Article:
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The Obama administration's legislative agenda in the area of cybersecurity appears to be moving away from a push for proposed Department of Homeland Security regulations that Republicans rejected in 2012, observers told BNA.
The administration is expected to focus instead on getting help from Congress to promote industry adoption of voluntary cybersecurity standards that are being developed by the National Institute of Standards and Technology under an executive order signed by President Obama earlier this year.
“I think you will see an attempt to leverage the NIST framework through the use of incentives and possibly through current regulatory authorities,” Larry Clinton, president of the Internet Security Alliance, an industry group in Washington, said in a recent BNA interview. “I tend to doubt there will be a true push to expand DHS regulatory authority, as it would be dead on arrival in the House and probably also couldn't get out of the Senate.”
In April, the House passed a package of cybersecurity bills that excluded provisions to promote industry adoption of the coming NIST framework. Under a key House-passed bill (H.R. 624), the Cyber Intelligence Sharing and Protection Act (CISPA), companies would be granted liability protection for the sharing of cyberthreat information with other firms and the federal government (12 PVLR 671, 4/22/13).
Sen. Tom Carper (D-Del.), chairman of the Senate Homeland Security and Governmental Affairs Committee, has said that he will work with Senate colleagues on both sides of the aisle to develop broader cybersecurity legislation that complements initiatives already moving forward under Obama's executive order.
“While information sharing is an important piece in our effort to modernize our outdated cybersecurity laws, it is only one of many elements needed to properly bolster our cyber defenses,” Carper said in an April 19 statement, following the House's action on CISPA. “Those of us in Congress need to pay close attention to other vital elements of cybersecurity, especially safeguarding our critical infrastructure.”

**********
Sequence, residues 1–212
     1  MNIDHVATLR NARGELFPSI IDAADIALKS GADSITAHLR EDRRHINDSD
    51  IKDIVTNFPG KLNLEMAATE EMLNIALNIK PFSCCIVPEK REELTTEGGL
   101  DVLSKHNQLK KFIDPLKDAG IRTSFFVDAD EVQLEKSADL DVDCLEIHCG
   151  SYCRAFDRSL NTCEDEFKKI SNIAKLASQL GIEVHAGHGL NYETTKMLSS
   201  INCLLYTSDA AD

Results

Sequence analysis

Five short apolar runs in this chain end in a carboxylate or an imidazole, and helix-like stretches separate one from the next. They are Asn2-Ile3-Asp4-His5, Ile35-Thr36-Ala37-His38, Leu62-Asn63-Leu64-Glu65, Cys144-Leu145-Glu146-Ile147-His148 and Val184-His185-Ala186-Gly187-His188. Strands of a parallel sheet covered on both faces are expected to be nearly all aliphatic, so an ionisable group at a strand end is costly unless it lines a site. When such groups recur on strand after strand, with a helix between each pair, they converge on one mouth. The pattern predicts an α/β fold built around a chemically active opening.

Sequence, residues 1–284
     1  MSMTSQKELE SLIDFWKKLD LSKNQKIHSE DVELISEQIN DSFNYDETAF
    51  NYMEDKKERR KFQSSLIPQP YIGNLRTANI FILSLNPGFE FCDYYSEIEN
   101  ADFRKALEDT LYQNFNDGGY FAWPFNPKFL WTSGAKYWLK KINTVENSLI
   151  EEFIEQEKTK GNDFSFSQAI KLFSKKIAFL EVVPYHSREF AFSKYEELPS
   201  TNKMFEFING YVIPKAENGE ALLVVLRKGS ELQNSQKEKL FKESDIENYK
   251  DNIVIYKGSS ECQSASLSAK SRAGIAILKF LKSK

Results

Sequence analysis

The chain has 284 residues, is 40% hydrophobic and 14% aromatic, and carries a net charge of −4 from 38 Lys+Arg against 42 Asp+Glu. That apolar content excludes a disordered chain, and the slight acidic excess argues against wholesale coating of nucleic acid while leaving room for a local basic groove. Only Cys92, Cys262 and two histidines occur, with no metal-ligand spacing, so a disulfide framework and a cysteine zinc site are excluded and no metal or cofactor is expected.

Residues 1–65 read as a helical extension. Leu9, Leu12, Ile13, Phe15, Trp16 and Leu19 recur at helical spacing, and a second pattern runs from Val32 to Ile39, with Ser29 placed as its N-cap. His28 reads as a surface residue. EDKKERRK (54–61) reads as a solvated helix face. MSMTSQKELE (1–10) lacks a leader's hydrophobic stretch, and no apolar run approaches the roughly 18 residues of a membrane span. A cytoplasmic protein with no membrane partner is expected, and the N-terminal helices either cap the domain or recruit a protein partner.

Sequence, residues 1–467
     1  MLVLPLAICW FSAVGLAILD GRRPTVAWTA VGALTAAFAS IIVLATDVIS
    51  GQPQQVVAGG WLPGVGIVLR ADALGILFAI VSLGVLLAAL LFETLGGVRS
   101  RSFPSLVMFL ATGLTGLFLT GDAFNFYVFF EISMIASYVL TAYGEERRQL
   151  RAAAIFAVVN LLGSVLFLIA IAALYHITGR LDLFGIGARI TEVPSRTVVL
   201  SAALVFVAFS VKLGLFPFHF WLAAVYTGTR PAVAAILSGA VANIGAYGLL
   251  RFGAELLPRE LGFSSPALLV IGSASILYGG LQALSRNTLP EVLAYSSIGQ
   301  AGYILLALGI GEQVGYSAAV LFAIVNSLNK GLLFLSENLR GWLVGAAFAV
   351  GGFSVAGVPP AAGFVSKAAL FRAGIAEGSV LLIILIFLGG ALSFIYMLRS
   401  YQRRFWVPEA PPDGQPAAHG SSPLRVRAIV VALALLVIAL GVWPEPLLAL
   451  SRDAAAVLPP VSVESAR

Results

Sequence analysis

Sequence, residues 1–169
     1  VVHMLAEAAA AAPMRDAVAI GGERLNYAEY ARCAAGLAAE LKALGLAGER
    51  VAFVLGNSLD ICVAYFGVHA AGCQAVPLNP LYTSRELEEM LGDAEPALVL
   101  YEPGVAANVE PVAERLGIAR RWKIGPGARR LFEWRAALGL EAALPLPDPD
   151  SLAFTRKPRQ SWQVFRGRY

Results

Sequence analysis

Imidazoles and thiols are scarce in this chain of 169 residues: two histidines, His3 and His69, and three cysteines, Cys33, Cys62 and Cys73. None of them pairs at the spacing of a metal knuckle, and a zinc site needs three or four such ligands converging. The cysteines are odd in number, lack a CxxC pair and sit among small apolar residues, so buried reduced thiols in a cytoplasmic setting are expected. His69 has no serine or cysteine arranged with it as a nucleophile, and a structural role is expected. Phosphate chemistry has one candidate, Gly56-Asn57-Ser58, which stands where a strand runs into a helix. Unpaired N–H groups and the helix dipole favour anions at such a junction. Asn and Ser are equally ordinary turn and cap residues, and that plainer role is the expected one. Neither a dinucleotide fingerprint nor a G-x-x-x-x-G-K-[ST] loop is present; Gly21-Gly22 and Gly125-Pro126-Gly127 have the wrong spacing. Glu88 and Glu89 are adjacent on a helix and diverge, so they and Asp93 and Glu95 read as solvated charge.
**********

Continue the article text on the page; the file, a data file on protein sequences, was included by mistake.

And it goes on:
Alan Charles Raul, a partner at Sidley Austin LLP, in Washington, told BNA that the House and Senate could ultimately have significant differences to resolve in conference, if the legislative process gets that far.
“Regulatory mandates to be imposed by DHS are non-starters for the House, so they will not likely be included in the product coming out of conference,” he said.
During the previous Congress, the White House unveiled a comprehensive cybersecurity proposal with provisions to give DHS new authority to regulate cybersecurity practices across the private sector (10 PVLR 730, 5/16/11). However, the proposal was never taken up in the House, and a compromise bill (S. 3414) developed in the Senate was ultimately blocked by Republicans (11 PVLR 1680, 11/19/12).
The Senate bill would have established voluntary cybersecurity standards for the private sector. The U.S. Chamber of Commerce, a chief opponent, argued that the proposed standards had the potential to become burdensome regulations.
As a result of the congressional impasse, Obama issued an executive order in February that achieves some of goals of the failed Senate bill (12 PVLR 257, 2/18/13). The order directed NIST, a component of the Department of Commerce, to lead the development of a framework consisting of voluntary cybersecurity standards for the nation's “critical infrastructure” owners and operators. NIST must publish a draft cybersecurity framework by the fall and produce a final version by February 2014.